The creators of tsu know that the best content will receive the most traffic. So, as a content creator, knowing that there is a monetary reward for your efforts in the pipeline, you are thusly incentivized to create the best content that you possibly can.
It’s not just content, however, that results in monetary rewards. You get paid as well when you invite someone new to the platform. And it doesn’t stop there. The Hootsuite blog explains the payments even further (and provides the infographic below):
“Users are also encouraged to share photo, video and text content that garners pageviews from their social media audience—all typical behavior for social networks. What makes tsu different from other social media giants is that the network only takes 10 percent of ad revenue generated by advertisements placed on the users’ pages. The other 90 percent is divided among the content creator, who gets 45%, and the other 45% is distributed among that user’s “family tree”—essentially operating on a multi-level marketing model. Successful users can cash their earnings once they amount to $100.”
Trying to break the rules a little (in what I think is a rather finicky and misguided attempt to try and be ‘unique’), it doesn’t use hashtags but “+” signs instead, and handles are not prefixed with an “@” sign, but an “&”. Why bother, I say.
Content creators are compensated with 1 cent for each click, like, or comment that they receive on their posts, and are paid via PayPal each time a user hits the magic $50 mark.
“No one should come to our site in anticipation of being able to quit their day job,” Bubblews CEO Arvind Dixit says in Business Insider. “But we are trying to be fair with our users. Social networks don’t have to be places where you feel like you’re being exploited.”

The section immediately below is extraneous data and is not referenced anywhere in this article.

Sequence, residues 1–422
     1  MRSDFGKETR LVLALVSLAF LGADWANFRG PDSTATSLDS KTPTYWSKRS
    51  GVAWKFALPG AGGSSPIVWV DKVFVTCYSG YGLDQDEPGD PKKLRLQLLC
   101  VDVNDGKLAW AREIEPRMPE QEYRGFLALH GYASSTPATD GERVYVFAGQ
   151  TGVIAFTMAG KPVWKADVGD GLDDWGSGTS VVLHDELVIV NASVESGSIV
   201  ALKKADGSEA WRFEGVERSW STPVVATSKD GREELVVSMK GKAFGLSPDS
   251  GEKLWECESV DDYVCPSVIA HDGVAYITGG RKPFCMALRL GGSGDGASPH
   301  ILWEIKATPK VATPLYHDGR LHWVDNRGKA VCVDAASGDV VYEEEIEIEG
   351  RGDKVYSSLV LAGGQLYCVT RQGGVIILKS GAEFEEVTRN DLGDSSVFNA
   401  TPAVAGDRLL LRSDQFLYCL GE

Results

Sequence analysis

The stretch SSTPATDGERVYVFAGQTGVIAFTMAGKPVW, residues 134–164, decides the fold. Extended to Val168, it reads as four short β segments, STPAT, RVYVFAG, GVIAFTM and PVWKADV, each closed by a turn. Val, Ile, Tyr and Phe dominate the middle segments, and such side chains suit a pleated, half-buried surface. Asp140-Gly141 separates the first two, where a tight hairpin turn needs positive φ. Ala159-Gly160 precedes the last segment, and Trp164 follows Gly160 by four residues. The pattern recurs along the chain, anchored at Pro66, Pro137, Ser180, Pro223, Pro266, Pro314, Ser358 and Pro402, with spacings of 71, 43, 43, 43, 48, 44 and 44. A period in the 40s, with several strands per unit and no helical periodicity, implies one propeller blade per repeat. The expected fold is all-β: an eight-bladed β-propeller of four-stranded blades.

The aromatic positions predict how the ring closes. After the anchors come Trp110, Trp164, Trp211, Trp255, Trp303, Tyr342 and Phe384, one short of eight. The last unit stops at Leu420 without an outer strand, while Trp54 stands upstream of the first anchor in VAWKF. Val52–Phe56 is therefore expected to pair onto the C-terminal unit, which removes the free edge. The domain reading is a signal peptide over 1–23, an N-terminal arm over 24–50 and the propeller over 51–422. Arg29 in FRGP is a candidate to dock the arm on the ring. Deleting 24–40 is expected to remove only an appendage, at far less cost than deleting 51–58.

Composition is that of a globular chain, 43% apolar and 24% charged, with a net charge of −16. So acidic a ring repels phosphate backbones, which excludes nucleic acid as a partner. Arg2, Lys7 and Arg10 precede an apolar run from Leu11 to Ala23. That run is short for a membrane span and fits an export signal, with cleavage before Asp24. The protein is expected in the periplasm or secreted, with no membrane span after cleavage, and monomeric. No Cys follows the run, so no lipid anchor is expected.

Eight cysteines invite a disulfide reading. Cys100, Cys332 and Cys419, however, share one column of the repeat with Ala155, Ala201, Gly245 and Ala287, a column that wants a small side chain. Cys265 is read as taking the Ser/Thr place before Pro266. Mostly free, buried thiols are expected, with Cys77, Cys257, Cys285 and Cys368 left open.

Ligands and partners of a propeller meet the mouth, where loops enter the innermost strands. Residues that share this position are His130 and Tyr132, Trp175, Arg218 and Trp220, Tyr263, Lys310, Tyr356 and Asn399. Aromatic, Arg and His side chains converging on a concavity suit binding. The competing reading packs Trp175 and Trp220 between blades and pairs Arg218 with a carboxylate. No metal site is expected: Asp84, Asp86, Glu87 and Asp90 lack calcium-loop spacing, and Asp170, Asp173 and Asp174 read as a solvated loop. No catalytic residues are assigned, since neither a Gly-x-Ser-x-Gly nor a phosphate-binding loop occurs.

Content creators are paid an amount determined by their BuzzScore, which is, as is described on the Hootsuite blog, a “number ranging from 1 to 100 that is influenced by the number of followers, people you have invited to join the network, the amount and quality of content you share on the network. Users can use their Bitcoin for PayPal payments in minimum payouts of $10. They can also choose to use their earned cryptocurrency to shop for gift cards, or donate it—for these two options, users don’t have to wait until they reach the $10 amount to transfer money.”
So, all in all, there’s nothing to get too excited about as yet in terms of making money from your original content on these platforms. Put simply, you’re simply not going to be able to make a fortune on any of these, but rather you might be surprised every now and again as an extra 10, 50 or 100 dollars ends up in your PayPal account. Aside from that, it looks like your best bet is still to stick with the social network power players – even if you dabble in these 3 paid platforms as a bit of a sideline – and try and generate a revenue through conversions the old-fashioned way. Maybe the one-day content creation of this type will prove to pay off, but we’re still quite far away from those glory days at the moment.
Have you made money using a social network that rewards content with cash? Let us know in the comments below!